Introduction

As long as the feature has been around, Session Reliability has always been a topic of debate.  As a field consultant I would occasionally go on Issue Resolution projects and these are inevitably the worst to be staffed on because there is rarely a silver bullet to make things perfect.  And inevitably, the topic of Session Reliability would come up as a troubleshooting step to either turn on or off; it didn’t matter what the previous configuration was because hopefully switching it would be that magic switch.  Sometimes configuration errors in the access flow would exist, but often disconnections would occur because of spotty network connections or real network problems.  In this article, I’m not going to talk about when to enable Session Reliability – that has been covered by Nick Rintalan in a recent post – Session Reliability, Frozen Screens and The Hourglass of Death - and this is really a follow-up to that article.   The purpose of this article is to dive into the details of Session Reliability (SR) and look at the new implementation of CGP in the latest versions of XA, XD and Receiver, so we can all make an informed decision about configuring it.

SR Traffic and Flow

One thing I come across is the statement that Session Reliability should be disabled because it increases the amount of bandwidth.  For this article I ran a variety of network traces and LoginVSI simulation from different Citrix Receivers (13.4, 12.3 and 10.150) to published applications and virtual desktops (XenApp 6.5, XenApp 5 and XenDesktop 5.6).  One key finding is that SR with XenApp hasn’t really changed much since its inception.  Funnily enough I looked back at some research I did for a previous client many  years ago where I created a Visio of the Session Reliability traffic flow in the event of a disconnect.  Find and replace MetaFrame Presentation Server with Citrix XenApp, update some logos and it is now current :)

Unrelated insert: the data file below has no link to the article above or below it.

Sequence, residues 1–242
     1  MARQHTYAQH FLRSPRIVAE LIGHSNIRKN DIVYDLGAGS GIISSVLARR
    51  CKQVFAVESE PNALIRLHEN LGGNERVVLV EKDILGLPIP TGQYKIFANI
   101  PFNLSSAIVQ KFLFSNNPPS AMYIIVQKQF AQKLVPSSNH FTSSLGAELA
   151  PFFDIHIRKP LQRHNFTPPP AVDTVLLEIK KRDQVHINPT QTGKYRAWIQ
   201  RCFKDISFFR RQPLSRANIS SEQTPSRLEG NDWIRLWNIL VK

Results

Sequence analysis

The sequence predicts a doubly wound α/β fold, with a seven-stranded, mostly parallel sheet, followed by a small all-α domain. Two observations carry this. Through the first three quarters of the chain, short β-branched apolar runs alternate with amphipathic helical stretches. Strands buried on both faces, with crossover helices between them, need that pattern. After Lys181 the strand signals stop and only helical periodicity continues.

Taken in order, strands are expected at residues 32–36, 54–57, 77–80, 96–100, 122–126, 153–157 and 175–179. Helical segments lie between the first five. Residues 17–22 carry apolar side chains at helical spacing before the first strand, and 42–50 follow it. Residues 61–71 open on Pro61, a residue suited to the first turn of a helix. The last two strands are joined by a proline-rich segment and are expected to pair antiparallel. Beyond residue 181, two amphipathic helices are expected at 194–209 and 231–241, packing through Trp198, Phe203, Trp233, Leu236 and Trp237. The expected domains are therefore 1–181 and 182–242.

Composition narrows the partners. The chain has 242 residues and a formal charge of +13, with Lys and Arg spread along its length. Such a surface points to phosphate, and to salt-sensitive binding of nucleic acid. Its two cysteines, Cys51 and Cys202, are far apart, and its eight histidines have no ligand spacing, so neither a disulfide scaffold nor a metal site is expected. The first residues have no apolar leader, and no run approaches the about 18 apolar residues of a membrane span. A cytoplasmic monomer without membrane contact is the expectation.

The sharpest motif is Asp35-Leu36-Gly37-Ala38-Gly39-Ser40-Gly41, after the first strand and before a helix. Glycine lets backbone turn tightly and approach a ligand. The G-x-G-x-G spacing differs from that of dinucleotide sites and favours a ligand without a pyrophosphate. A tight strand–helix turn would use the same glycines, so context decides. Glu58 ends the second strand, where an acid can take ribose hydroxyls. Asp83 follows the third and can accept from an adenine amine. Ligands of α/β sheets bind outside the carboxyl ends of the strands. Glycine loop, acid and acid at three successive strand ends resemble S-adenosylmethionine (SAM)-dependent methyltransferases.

With XenApp, in idle communication this confirmation message exchange consumes about 0.2 kbps.  The Session Reliability overhead to maintain a single session is basically negligible.  Also, with active communication simulated using the LoginVSI Medium workload, Session Reliability actually shows a little bit of bandwidth savings (~1-2%).  The average SR-enabled session consumed 262kbps vs. 265kbps for ICA.  (Keep in mind LoginVSI is doing a lot activity which is the reason for the high bandwidth, which is really high for a performance and scalability test but that is another topic of discussion..)

In my testing the 12.3 and 13.4 online plug-in versions consistently followed this process.  However with the 10.150 client I saw some funky behavior where after a session reconnects the 4s periodic client to server communication didn’t occur.  I have also seen in the past where after a reconnect, session traffic goes crazy even in idle communication.  These issues are some of the things Nick noted in his article and in the past have deterred me from broadly recommending Session Reliability for XenApp, unlike now where I feel safe it will work as expected in the newer versions of our products.